RFID reader for an easy understanding
Using RFID, products and transit casing can be rapidly identified in a reliable, error-free manner, even under adverse environmental conditions. At the heart of the system is the “transponder”: a tiny computer chip equipped with an antenna. This chip stores a globally-unique serial number: the EPC (Electronic Product Code). In theory, applications are also possible that store a greater amount of data, such as individual article or serial numbers, use-by dates or lot numbers, for example.
The process of reading the data does not require line-of-sight contact between reader and storage unit, and multiple storage units can be read in one sweep. Label printers and label applicators that process RFID labels are fitted with a read/write unit that accesses the transponder. Over this interface, data is transferred from computer to label printer and is then simultaneously printed to the label and programmed into the transponder.
Contactless product identification makes applications possible that contribute to considerable savings in production and logistic costs. Various RFID solution models are available to suit the various application scenarios.
For anyone working in logistics, or having anything to do with marking or labelling of products, or even those tagging animals for research, RFID is most likely a familiar abbreviation. Radio-frequency identification (RFID) technology dates back to 1945, when the Russian inventor Léon Theremin created the first radio wave based espionage tool. This tool is today known as a predecessor of the RFID technology.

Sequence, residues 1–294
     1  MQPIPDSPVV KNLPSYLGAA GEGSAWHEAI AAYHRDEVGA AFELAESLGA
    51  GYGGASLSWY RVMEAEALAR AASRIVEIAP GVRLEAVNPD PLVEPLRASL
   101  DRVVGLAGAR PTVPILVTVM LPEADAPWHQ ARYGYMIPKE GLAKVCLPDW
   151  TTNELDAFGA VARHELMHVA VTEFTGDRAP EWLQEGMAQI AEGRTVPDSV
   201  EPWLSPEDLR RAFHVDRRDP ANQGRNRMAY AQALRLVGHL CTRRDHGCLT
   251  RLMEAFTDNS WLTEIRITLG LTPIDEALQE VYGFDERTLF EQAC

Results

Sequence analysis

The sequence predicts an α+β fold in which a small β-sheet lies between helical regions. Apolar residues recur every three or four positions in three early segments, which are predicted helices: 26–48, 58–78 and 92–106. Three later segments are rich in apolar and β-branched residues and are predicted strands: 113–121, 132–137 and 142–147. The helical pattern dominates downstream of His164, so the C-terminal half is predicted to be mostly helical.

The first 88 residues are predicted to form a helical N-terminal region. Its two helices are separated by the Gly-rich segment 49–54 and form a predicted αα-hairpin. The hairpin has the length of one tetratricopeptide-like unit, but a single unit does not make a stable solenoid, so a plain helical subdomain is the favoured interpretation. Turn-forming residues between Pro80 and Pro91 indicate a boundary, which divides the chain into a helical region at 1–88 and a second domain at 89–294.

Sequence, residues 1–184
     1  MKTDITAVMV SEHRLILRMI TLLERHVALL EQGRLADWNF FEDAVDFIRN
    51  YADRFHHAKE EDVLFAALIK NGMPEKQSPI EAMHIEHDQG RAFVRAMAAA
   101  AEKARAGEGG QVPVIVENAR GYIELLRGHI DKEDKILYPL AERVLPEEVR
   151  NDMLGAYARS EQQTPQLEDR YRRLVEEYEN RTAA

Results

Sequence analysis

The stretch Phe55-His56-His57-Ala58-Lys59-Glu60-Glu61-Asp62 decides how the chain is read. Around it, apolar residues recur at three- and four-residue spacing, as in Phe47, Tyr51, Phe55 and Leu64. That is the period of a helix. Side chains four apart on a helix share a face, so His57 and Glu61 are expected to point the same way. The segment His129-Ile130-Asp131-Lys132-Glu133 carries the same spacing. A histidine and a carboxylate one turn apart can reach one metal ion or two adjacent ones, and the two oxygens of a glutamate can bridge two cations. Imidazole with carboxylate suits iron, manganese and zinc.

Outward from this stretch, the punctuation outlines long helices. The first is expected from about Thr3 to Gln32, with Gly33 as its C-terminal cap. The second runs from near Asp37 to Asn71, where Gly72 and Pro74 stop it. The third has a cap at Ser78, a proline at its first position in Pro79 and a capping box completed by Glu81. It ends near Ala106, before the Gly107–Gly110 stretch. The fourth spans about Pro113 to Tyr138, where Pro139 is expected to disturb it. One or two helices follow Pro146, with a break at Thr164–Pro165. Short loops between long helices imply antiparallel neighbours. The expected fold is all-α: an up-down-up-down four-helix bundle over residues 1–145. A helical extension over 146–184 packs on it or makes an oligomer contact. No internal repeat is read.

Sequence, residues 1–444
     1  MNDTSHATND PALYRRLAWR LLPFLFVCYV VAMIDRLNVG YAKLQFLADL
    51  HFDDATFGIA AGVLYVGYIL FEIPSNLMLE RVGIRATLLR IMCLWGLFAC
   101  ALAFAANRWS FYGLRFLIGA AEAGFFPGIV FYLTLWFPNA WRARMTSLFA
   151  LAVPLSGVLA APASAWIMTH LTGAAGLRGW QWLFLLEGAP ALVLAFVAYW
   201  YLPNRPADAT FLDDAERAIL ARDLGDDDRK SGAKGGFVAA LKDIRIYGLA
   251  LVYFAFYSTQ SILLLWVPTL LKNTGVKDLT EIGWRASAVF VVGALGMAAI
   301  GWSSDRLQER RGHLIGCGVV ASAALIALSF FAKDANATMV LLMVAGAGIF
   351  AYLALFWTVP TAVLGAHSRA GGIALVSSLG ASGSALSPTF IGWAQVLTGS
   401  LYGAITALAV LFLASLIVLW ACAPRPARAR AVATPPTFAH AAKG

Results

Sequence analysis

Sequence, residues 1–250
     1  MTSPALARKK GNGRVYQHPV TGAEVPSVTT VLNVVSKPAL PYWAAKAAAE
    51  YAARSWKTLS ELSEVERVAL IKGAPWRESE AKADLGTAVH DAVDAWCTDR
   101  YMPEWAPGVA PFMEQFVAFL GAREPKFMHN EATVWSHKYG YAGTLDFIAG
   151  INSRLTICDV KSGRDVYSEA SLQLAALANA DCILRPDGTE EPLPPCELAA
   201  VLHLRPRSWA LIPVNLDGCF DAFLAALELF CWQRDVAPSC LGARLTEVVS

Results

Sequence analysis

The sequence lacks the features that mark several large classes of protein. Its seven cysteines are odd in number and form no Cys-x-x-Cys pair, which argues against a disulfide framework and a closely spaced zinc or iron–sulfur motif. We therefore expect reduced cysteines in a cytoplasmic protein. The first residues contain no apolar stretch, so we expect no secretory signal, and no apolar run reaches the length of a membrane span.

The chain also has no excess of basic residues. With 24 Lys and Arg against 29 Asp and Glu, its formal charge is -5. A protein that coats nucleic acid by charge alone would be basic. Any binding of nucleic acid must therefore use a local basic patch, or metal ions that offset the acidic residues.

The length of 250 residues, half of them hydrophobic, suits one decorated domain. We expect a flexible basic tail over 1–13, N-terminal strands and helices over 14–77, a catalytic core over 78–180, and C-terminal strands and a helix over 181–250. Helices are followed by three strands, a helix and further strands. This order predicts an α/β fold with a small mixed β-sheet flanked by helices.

The first RFID solutions which can actually be compared to those of today, were developed in the 70s and were mainly used for electronic article surveillance (EAS). By the late 70s, the possibilities of RFID had been brought to a whole new level and their field of application was no longer limited to just product identification, but now also for tagging animals for agricultural and research purposes. Since then, this important technology has been continuously developed and has become of ever-increasing importance in a variety of different industries
The connection between transponder and RFID reader
For obtaining the encoded data on the chip, a special reader is required. The readers that are available today are able to read and decode the information on the RFID transponder, scan barcodes and in some cases, print new tags. For the interaction between both, three different systems exist:
- The passive tags
- The semi-active tags
- The active tags
The most common type of system is the passive tags. The popularity of passive tags comes down to their low cost. As these tags do not have their own electricity supply at their disposal, they are a lot cheaper than active tags with their independent electricity supply. To read the information of a passive tag, the RFID reader produces alternating magnetic fields or high-frequency radio waves which facilitates the simultaneous supply of energy of the transponder and subsequently the transmission of contained data.
Multifunctional devices for logistics and Co.
Weber Marking Systems uses this progressive technology for different product labelling solutions. With devices like RFID readers or special thermal transfer printers, logistical processes are much easier to manage. These handy readers are able to read different barcodes or transponders, and if required, automatically print new tags. It scans the barcode, converts it into an EPC (Electronic Product Code) and gives out a new encoded tag.
With the RFID solutions, work-flow is more straightforward and all processes are made as efficient as possible. Labelling and coding solutions for all types of products and businesses ensure smooth operations and lead to faster and better work-processing.
More information on RFID solutions and other devices developed using the latest technologies can be found on weber-marketing.com. Here you can find a wide range of printers and readers to make your daily business operations easier.